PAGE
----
How Easy is it to Avoid the Art of Monstrous Men?

Actually, it’s ridiculously easy.

I’ll just stick to music, since that’s what I usually focus on in this blog. And let me qualify the “ridiculously easy” by stating that I’m referring to the work of folks that may only be scratching the surface of those that remain unaccused–there may very well (and very likely) be that there are many more “Monstrous Men” out there. Granted, we may all have different definitions of what constitutes “Monstrous Men” but expand or contract that definition for yourself at your leisure.

Existing Recorded Content

Let me start by saying, there’s a ridiculous amount of musical content out there. Likely more than any of us could ever listen to in one lifetime.

I estimate how long it would take for us just to listen to all the recordings released in 2010 (at least all the ones that are commercially available) to just under 3 years. That’s 3 years of continuous listening for one years’ musical content released in album form.

If we took out all the music of monsters, that would hardly make a dent. Even if we had an incredibly broad definition, it would likely not make much of a dent.

Existing Composed Content

In a post from last year I mentioned Jan LaRue’s “A Catalogue of 18th-Century Symphonies: Volume 1 Thematic Identifier.” In it are listed 16,558 symphonies–works that were composed before 1800 (it is a catalogue of 18th-Century Symphonies after all). So this wouldn’t include the bulk of Symphonic works that are regularly performed by typical orchestras. I’m sure that potential catalogues for later periods would include hundreds, if not thousands, of Symphonic works that are rarely, if ever, performed.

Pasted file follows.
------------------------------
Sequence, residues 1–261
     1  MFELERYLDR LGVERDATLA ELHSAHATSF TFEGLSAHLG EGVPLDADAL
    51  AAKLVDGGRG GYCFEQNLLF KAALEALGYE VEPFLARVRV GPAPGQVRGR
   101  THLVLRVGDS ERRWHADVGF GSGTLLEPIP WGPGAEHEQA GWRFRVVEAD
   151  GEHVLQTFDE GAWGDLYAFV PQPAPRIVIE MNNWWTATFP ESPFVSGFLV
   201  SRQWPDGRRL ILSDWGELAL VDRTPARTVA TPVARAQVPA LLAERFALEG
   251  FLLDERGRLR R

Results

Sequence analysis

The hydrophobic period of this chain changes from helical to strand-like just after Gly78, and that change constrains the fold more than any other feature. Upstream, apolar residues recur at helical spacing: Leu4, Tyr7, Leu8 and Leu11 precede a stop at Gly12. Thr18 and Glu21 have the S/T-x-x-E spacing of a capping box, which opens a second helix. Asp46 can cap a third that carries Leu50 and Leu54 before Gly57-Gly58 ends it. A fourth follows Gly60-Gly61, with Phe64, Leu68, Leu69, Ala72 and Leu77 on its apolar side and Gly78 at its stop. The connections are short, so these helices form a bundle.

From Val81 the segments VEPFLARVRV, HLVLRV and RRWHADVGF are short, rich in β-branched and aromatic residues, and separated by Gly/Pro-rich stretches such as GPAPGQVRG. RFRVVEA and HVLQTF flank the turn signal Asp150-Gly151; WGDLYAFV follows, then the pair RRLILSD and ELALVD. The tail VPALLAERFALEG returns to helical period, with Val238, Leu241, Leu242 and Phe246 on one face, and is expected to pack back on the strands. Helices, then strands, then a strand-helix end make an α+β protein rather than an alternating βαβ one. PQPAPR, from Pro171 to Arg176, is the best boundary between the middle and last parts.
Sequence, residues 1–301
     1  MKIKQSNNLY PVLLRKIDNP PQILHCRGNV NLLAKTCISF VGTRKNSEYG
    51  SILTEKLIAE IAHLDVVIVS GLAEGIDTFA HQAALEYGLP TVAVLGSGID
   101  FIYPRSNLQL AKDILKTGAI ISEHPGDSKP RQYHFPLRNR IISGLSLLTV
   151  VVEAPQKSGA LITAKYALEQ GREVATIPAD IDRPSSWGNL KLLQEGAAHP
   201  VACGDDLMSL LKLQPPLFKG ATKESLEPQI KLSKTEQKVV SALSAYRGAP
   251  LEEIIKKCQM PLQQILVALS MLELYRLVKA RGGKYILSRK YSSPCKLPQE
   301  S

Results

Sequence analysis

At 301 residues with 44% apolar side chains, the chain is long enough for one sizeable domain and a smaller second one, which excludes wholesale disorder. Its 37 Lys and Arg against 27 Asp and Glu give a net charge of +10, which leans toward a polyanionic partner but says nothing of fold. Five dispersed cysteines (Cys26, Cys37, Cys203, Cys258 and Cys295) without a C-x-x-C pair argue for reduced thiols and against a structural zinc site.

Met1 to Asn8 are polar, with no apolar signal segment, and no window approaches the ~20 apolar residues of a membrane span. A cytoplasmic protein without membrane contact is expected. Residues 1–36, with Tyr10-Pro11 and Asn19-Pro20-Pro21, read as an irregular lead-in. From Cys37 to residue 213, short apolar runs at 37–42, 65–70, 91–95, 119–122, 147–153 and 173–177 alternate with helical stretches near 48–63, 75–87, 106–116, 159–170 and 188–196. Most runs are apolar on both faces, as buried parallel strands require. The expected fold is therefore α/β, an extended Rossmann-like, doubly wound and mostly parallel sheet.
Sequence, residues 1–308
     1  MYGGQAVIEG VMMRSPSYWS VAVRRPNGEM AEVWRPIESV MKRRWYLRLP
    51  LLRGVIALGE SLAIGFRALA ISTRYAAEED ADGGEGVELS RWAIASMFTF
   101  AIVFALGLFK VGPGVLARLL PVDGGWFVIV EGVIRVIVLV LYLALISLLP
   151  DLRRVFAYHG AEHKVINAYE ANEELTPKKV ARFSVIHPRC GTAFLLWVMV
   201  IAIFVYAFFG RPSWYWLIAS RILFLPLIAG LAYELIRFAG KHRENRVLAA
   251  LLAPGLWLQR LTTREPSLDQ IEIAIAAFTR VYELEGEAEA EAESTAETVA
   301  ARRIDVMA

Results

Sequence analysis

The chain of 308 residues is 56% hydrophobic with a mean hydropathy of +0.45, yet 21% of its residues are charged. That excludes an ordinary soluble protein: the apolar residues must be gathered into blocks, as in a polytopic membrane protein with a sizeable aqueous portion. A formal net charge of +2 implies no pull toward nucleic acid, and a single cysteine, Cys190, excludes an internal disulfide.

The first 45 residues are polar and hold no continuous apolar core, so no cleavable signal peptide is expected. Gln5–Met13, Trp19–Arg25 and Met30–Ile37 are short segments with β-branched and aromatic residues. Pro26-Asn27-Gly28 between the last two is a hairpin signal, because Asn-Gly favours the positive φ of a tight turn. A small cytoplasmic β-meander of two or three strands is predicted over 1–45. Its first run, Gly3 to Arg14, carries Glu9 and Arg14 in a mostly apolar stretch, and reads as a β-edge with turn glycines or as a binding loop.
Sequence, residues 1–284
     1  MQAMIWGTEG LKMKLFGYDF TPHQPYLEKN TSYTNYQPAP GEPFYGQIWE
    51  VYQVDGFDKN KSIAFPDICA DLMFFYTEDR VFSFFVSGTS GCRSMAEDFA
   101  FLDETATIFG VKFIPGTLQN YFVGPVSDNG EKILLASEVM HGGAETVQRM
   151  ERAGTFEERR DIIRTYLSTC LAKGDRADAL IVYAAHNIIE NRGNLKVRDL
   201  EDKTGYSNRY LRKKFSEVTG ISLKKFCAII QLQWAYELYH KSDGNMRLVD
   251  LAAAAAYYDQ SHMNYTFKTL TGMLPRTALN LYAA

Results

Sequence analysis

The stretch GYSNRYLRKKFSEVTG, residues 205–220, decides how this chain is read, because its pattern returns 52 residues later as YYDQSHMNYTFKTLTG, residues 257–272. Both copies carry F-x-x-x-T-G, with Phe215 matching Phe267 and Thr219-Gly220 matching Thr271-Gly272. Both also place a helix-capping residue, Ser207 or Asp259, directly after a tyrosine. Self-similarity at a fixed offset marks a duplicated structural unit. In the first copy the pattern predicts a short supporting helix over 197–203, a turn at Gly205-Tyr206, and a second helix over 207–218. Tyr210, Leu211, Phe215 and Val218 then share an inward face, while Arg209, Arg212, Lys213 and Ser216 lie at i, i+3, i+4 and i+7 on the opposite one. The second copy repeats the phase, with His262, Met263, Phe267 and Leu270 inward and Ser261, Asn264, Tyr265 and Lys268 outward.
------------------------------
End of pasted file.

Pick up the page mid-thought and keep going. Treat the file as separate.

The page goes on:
And that’s just looking at one genre of one art music culture of the many that exist in the world. If we get out of our ethnocentric zone there are likely tens of thousands of works to be heard and experienced. I’ve been playing art music from the Middle East for about 15 years now and I’ve barely scratched the surface of Classical Arabic Music, Ottoman Classical Music, or Central Asian Maqom music. One of the most frequently hit pages here at my blog is my Near Eastern & Middle Eastern Scores and Sheet Music Resource which has links to thousands of scores, transcriptions, and adaptations of music from these regions.

Access to Content

We live in a period of time where practically the whole world of music from the beginning of time is accessible to us.






a period of time where with technology we can create interesting mash-ups





or completely construct a large ensemble work with sound synthesis or libraries of sample sounds




And this doesn’t touch on newly composed original content that’s being produced.


New Music and Living Composers

Obviously, being a composer myself, I’m an advocate for new music–in as many of its forms and genres as exist. Sure, I prefer some to others, but the majority of performances I do every year is performing either music that’s relatively recent (including original pop music) or music that I myself have composed (or, as in many cases, improvised live).

As I’m on a Decolonialism kick I’m naturally limiting myself to work that doesn’t sustain a White Western Male music status quo and it’s still ridiculously easy to find plenty of musical content to consume and produce.


But What About Great Works of Art

I’ve actually addressed this elsewhere. Since our musical consumption practices rely more on contact, exposure, and our relationships to peers and their consumption practices it makes less and less sense to maintain canons for aesthetic reasons. There may be other reasons that are social and/or economic, but given the arbitrariness with which we choose to canonize some works over others, as well as the Survivorship Bias effect, there’s no reason why we couldn’t come up with a canon that places folks other than White Western Males. In fact, in a more equitable world, this would be more desirable.

Which doesn’t mean we have to completely give up the work of monsters, as I mentioned in my previous post. These works and their acceptance as great canonical works could show us how human biases and a biased environment  created the conditions within which they could thrive. We just don’t have to continue allowing our biases and the biased system determine what gets into canon.


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